While the pandemic-induced lockdown left everyone marooned in their quarters for nigh onto a year, it also presented people with an opportunity to think outside that box. Some took to posting on social media unabashed renditions of songs with altered lyrics articulating the angst of our strange times. Others resurrected the forgotten artist residing within, creating artworks worth preserving. Pet sales soared across the world as people found themselves in urgent need of companionship. But the ones whose need was most dire were the parents with homebound children whom circumstances had compelled to dig deep within their creative selves to hatch novel tasks designed to educate and entertain their young ones.
Here is the tale of one such family, delivered from their domestic entrapment in a most delightful and unexpected way.
Ee I ee I o
Once upon a pandemic time, a family of four relocated from Dallas, Texas, to DeLand, Florida, trading their urban condo for a rustic, immersed-in-nature dwelling. It was the perfect getaway (assuming your goal was to, well, get away). The ranch-style home came with acres of virgin land, an outhouse, a pool and, most enchanting of all, a chicken coop, complete with feathery inhabitants pre-installed. Before long, the two children became versed in the art of taking care of their treasured animals, like responsible almost-adults. They fed the chickens, collected eggs with gentle hands, and played with them often. Proud of their small but growing flock, they informed their parents they were going to need a bigger coop.
Free as a Bird
But over time, keeping track of their feathered, free-ranging pets proved to be no easy task. Indeed, several members of their troupe revealed themselves to be quite gifted escape artists. While the children were attending online classes, some of those chickens “flew the coop,” as it were, making a regular habit of scooting off to mingle with the denizens of neighboring pens. The siblings were confident in their ability to identify their pets by sight before the animals ended up breaded and fried in what they described, with exaggerated shrieks of horror, as a “Sanders Special.”
Nevertheless, disputes still occasionally erupted over ownership rights. They discovered that their Beeg Burd with wattles that resembled pepperoni looked a lot like the plump chicken with red plumage next door.
And Amelia Eggheart—an astounding flier on land, but a terrible one over ponds and other bodies of water—could well be the twin of a bantam living across the dirt road that separated the two homes.
Birds of a Feather
To solve the problem, the two children, aged 10 and 7, improvised a solution. In a burst of what they considered genius, they tied red ribbons to the left legs of all their chickens. However, the following morning, much to their dismay, they found shreds of crimson ribbon strewn across the enclosure. Only one chicken, named Eggnog, a plump and stately Buff Orpington hen, had refrained from pecking off the ribbon (no doubt because such a display of obstinate defiance would not have been dignified).
The Chicken Leg Band Solution
After extensive research, the brother and sister concluded that sturdier chicken leg bands were the answer to their poultry identification issues. They reasoned that lightweight aluminum or brass bands could be attached securely to chicken legs, and settled on metal bands because they were convinced such bands would last longer than plastic ones. Best of all, besides lasting a long time, they were affordable and could even be custom-made to order. And much to the relief of the siblings, they ascertained that metal chicken leg bands do not hurt the animals or cause any discomfort. Only one question remained….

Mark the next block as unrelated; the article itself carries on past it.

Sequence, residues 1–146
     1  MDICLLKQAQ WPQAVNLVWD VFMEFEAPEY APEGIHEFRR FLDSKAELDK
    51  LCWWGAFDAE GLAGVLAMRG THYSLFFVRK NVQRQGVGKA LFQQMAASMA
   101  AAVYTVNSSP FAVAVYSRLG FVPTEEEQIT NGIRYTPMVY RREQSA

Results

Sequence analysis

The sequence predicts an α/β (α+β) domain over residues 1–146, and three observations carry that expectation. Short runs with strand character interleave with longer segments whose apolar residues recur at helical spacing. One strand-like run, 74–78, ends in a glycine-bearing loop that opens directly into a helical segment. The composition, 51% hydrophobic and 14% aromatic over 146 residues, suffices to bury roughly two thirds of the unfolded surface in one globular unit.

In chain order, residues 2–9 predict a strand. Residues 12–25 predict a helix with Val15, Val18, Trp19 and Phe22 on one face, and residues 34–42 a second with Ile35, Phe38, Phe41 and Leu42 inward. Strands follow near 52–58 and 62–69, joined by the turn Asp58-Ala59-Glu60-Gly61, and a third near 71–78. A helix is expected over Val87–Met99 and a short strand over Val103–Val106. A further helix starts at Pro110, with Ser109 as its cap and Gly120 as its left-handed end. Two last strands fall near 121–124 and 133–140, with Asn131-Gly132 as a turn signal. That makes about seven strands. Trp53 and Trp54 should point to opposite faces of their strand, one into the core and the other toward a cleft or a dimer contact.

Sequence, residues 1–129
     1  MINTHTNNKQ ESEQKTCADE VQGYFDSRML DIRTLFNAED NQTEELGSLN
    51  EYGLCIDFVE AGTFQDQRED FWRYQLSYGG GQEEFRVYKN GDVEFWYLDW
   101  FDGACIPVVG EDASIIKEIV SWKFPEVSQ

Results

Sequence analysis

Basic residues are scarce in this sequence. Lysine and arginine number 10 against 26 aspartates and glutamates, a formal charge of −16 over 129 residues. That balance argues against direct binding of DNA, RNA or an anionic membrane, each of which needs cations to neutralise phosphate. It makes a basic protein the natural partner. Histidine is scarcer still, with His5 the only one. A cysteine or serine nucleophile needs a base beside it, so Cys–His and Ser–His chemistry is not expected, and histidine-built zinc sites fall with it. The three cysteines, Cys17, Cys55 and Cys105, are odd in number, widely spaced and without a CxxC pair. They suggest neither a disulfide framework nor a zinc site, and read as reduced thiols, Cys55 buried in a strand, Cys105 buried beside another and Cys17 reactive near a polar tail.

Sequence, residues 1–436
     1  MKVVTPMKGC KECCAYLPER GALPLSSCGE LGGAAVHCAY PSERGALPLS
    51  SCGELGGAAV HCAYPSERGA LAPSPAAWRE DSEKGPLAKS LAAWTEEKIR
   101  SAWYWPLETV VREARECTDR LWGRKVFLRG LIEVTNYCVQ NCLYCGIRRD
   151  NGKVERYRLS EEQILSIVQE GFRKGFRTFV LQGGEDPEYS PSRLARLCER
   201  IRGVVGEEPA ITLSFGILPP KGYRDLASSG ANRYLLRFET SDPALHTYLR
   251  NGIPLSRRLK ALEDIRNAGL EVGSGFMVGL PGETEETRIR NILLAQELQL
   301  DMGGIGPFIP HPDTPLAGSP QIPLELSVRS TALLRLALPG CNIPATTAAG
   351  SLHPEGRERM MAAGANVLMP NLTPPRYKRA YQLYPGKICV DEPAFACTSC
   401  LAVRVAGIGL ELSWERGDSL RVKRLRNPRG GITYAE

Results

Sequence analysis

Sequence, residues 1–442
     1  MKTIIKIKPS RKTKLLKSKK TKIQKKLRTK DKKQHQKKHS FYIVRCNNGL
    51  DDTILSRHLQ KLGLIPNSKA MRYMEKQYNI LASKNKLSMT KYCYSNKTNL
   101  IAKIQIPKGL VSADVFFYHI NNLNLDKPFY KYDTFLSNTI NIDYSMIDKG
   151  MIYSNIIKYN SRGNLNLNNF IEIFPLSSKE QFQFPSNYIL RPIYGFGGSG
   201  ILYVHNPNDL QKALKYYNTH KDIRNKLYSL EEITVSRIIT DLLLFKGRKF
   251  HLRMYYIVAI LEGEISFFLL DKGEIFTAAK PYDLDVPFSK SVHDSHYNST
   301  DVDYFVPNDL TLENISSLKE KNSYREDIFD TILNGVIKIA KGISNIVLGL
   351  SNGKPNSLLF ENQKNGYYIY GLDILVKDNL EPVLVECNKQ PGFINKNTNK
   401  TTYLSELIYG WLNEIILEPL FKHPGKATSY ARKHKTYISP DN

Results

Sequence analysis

Who Makes the Best Chicken Leg Bands?
That question was easily answered in a trice. Why, Ketchum Mfg. Co., of course! This famed outfit’s chicken leg bands (not to mention poultry wing bands) were reputed to be as safe and durable as can be. To ensure accurate identification, they came in brass, plain aluminum, or varicolored aluminum (some people find it easier to read the imprint on colored chicken leg bands). All bands were adjustable and easy to affix.
After calling around to the experts in the neighborhood, the kids were advised to use the special chicken leg band plier offered by Ketchum instead of a needle-nose plier for a secure and permanent fitting. When the band is attached correctly, they were told, chickens tend to take little note of the accessory.
Over time, the two children came to learn that chicken leg bands are especially beneficial for large flocks and mixed-breed hatchery birds as well. If chickens are interbred too often for too many generations, unfavorable genetic and infertility issues may arise. Using chicken leg bands, one can create groups within a large flock without the added cost of erecting multiple enclosures. Breeders often use chicken leg bands to identify their animals and separate sick birds. Different chicken leg bands help identify birds to breed, mark genetic traits, and indicate different lines. And of course they are essential for keeping records of ages, pedigree, and birth rates (and for that purpose one must remember to keep a log of what each type/color of chicken leg band denotes).
The siblings in Florida are happy to report that every member of their flock is safe and accounted for—thanks to their Ketchum Mfg. Co. chicken leg bands!